2011 “Adequate Yearly Progress” Ratings: Failure by Design

According to new ratings of Texas public schools that came  out Thursday, under federal standards the percentage of Texas campuses making “adequate yearly progress,” or AYP, dropped from 86 percent in 2010 to just 66 percent this year.

“Two things stand out about these abysmal 2011 federal ratings of Texas schools,” said Linda Bridges, president of Texas AFT.

“First, there’s a real question about how much weight to give to these plummeting federal ratings, considering that students’ actual passing rates on state achievement tests ‘largely held steady this year,’ according to Commissioner of Education Robert Scott.

“Second, if these ratings are to be taken seriously, as a sign that more and more schools are failing to meet rising standards with shrinking resources, then it’s a case of failure by design.

“Just look at the declining state ‘performance measures’ in the state budget bill for 2012-2013. That bill slashes more than $5 billion from public education. The performance measures are the state’s official targets for what our schools are expected to accomplish with their reduced state aid over the next two years. They show that the percentage of campuses meeting the federal AYP standard is expected to drop even further, to 61 percent, by 2013.”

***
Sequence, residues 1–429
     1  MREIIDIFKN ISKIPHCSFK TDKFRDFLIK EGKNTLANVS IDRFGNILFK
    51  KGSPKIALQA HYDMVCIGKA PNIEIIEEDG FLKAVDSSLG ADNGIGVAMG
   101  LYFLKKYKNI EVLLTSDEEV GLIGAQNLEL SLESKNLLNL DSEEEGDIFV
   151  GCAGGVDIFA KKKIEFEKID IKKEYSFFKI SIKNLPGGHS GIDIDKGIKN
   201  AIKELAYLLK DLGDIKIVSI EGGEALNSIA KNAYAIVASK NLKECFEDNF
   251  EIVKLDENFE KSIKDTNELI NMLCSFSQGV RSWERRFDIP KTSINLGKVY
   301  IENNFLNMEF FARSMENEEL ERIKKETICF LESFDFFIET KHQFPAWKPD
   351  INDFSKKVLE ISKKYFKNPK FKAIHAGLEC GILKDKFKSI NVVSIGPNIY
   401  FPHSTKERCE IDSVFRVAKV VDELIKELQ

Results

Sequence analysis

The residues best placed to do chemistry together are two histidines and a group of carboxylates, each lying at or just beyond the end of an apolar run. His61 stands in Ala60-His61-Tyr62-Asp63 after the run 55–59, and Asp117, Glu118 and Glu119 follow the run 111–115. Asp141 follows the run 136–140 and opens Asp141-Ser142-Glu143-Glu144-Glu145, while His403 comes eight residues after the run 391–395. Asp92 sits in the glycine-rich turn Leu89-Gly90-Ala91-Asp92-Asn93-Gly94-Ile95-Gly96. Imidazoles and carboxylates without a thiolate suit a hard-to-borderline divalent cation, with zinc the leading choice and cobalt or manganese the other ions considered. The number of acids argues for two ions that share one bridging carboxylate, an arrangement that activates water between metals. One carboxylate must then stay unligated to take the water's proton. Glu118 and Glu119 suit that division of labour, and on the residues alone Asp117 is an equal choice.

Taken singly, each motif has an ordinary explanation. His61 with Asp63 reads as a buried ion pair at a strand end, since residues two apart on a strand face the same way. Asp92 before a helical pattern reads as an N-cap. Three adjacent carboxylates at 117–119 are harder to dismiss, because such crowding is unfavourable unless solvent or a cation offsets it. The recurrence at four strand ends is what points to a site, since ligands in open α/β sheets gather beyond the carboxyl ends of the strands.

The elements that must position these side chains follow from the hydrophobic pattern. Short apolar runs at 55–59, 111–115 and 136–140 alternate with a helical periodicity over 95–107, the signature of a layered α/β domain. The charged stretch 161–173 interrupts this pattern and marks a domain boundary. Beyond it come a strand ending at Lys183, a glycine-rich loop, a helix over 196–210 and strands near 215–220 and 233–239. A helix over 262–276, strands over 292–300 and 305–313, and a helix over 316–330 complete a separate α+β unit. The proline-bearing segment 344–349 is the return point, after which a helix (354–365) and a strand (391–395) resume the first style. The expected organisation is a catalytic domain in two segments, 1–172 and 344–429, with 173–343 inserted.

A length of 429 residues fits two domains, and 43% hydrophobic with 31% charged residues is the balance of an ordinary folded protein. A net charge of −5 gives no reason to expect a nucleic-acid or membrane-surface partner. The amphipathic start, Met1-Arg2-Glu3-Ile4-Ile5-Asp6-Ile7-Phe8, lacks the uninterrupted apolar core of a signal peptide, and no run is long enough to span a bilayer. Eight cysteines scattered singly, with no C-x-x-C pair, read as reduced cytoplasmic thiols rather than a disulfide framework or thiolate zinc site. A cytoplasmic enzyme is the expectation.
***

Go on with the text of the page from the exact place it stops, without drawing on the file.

Under the federal No Child Left Behind Act of 2002, school districts and campuses nationwide are expected to attain a 100-percent passing rate on state achievement tests in reading/English Language Arts and mathematics by 2014.  Year by year, en route to 2014, schools have been expected to meet AYP targets—intermediate goals for passing rates, set by each state using its own achievement tests—ratcheting up toward the ultimately required 100-percent passing standard. A school that persistently fails to meet the required AYP targets is subject to sanctions, including options such as conversion to a charter school, wholesale replacement of the school’s staff, and contracting out the operation of the school to alternative providers of educational services.

Across the political spectrum, the No Child Left Behind Act has fallen out of favor since 2002, not least because of doubts about the wisdom of this 100-percent passing standard, which is bound to pin a “failing” label on many schools that actually are making rapid progress. But the requirement remains on the books, as a long-pending overhaul of the federal education law is still hung up over other issues.

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